New Orleans Saints WR Michael Thomas had a season for the ages in 2019, catching an NFL-record 149 passes for a league high 1,725 yards and 9 touchdowns. Thomas has increased his production in each of his four professional seasons, setting league records with 470 receptions for 5,512 yards and 32 touchdowns. For as great as Thomas has been, the Saints have gotten little production from their other wide receivers.
WR Ted Ginn Jr. had the next most receptions among the team’s wideouts in 2019 with just 30, and in 2018 WR Tre’Quan Smith caught 28 passes to finish second at the position behind the 125 balls that Thomas hauled in. With the addition of Emmanuel Sanders in free agency, the Saints have shored up what has been a glaring weakness over the last two years. Sanders is 33-Yrs old however, and the NFL draft looks loaded with wide receiver talent. The Saints may take advantage of that pool of talent, perhaps even with their first-round pick, 24th overall.
Today’s draft profile looks at a versatile wideout talent that should still be available late in the 1st round.
Laviska Shenault, Jr., WR (Colorado) 6’1 227-Lbs
A native of DeSoto, TX, Shenault lost his father at ten years old when a vehicle struck and killed him in front of the family while on vacation. After starring at DeSoto High School, Shenault would attend the University of Colorado, where he contributed as a freshman. By the end of his sophomore year, he was one of the nation’s top receivers, catching 86 passes for 1,011 yards and scoring 11 touchdowns in just nine games. Inconsistent quarterback play limited the Buffaloes offense in 2019, but Shenault still earned second team All-PAC 12 honors with 56 receptions for 764 yards and six scores. He was a versatile player for Colorado, often lining up all over the formation and also a threat as a runner out of the backfield.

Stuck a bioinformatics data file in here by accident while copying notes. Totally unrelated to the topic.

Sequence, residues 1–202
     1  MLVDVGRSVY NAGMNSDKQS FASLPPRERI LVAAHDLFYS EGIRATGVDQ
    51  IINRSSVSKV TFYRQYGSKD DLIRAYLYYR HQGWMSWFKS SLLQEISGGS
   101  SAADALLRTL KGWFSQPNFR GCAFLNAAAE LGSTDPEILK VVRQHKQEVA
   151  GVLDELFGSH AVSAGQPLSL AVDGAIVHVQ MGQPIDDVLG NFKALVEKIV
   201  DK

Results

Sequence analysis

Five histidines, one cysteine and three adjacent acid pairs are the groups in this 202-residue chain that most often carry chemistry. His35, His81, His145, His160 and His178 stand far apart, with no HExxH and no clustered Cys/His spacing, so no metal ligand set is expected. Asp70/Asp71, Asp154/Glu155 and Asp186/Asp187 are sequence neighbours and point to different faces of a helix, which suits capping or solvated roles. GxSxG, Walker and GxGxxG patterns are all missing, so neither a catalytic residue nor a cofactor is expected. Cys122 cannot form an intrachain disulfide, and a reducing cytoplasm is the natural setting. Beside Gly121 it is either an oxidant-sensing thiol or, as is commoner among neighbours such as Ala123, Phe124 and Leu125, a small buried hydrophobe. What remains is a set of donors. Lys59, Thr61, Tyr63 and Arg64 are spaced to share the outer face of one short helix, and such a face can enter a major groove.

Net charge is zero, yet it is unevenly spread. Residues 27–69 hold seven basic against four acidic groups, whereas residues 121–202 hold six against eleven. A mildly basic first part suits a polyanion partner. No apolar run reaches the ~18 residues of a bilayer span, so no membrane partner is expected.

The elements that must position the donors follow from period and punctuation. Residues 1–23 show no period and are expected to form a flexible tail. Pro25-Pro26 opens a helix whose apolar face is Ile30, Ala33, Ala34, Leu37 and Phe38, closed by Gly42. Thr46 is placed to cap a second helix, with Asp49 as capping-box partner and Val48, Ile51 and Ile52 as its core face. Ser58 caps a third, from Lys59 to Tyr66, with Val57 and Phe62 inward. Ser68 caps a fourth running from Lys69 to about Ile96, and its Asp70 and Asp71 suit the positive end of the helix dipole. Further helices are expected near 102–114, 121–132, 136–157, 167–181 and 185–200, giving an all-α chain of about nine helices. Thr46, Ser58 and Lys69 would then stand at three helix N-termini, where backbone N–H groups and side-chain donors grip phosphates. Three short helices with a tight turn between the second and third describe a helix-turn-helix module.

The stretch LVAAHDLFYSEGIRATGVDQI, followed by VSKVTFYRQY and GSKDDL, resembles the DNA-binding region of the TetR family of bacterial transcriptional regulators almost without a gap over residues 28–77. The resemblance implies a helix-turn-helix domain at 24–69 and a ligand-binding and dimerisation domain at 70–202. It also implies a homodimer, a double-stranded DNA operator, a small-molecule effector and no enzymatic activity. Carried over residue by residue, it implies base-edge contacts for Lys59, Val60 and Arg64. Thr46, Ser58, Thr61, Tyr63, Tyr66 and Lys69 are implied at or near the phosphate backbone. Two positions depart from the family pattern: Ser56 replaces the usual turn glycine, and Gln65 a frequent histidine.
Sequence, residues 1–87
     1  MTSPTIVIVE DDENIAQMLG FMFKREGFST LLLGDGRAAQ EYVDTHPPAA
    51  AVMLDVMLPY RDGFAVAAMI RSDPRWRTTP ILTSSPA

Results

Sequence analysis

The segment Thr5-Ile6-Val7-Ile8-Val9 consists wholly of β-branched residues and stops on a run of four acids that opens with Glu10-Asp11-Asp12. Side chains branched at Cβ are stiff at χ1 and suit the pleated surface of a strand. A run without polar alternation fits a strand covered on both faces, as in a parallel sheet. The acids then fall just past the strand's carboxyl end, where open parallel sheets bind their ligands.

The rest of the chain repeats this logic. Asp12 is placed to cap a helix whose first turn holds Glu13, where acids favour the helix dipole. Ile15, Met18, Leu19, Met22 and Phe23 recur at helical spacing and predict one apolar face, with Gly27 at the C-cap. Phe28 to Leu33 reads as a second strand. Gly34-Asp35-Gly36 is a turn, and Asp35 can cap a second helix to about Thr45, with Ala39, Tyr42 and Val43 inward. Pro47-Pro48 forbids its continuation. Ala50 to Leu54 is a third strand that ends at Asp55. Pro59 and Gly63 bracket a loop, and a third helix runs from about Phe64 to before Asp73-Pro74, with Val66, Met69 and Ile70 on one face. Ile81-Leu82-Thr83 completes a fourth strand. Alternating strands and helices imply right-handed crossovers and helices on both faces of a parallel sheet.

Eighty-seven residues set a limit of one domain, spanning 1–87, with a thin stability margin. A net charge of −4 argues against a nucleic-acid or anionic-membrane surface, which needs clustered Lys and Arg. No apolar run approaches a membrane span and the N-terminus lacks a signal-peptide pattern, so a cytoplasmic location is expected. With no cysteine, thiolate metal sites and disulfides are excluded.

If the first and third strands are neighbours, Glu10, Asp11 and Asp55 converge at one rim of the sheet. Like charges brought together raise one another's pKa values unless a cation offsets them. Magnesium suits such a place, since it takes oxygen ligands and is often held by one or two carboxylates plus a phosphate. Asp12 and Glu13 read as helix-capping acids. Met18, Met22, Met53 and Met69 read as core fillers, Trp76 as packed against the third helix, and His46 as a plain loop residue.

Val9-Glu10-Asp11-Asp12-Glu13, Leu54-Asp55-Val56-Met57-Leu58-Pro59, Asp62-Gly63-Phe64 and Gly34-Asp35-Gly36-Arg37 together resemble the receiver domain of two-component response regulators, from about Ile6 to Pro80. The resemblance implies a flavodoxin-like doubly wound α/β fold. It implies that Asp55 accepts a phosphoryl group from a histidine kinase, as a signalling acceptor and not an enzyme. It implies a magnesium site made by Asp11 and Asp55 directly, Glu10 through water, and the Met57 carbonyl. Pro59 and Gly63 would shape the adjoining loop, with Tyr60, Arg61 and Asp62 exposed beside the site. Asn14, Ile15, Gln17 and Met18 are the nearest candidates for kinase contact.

NFL Scouting Combine Statistics
Shenault was a limited participant at the NFL Scouting Combine in February, revealing that he had suffered a core muscle injury that required surgery days after the event. He had several injuries during his collegiate career, giving some scouts reason to question his long-term durability, particularly because of his physical style of play.
Shenault’s versatility was a bit of a drawback in college. The Buffalo offense used him in so many roles didn’t allow him to perfect a position or develop a more refined route tree. Running more polished routes will be an area of opportunity for him at the NFL level. He has solid technique but will need good coaching and reps to become more polished. Those lack of reps at receiver in college has left some doubt to how good a natural route runner he can be.
Laviska Shenault has elite ability as a runner in the open field. He combines great burst and vision while initiating contact with a would-be tackler. As a receiver, he shows sudden acceleration at the snap and aggressive physicality at the top of his route. He threatens a secondary at all three levels, with the speed to get deep and the running ability to take a short pass into a big gain. Shenault has excellent body control, allowing him to adjust to the throw downfield or along the sideline. He has good hands to pluck the ball out of the air and secure it quickly.
Some scouts have compared Shenault to Deebo Samuel because of their physicality and open field skills. Samuel was a 2nd round draft choice of the San Francisco 49ers a season ago and became a key part of their offense on the way to an NFC championship. Saints head coach Sean Payton saw what a difference an open field playmaker like Samuel can be and also knows how effective an offense is with multiple receiving threats. Adding a player like Laviska Shenault would give the New Orleans offense a versatile threat to line up multiple places along their formation to perhaps take the Saints offense to another level.
This content was originally published here.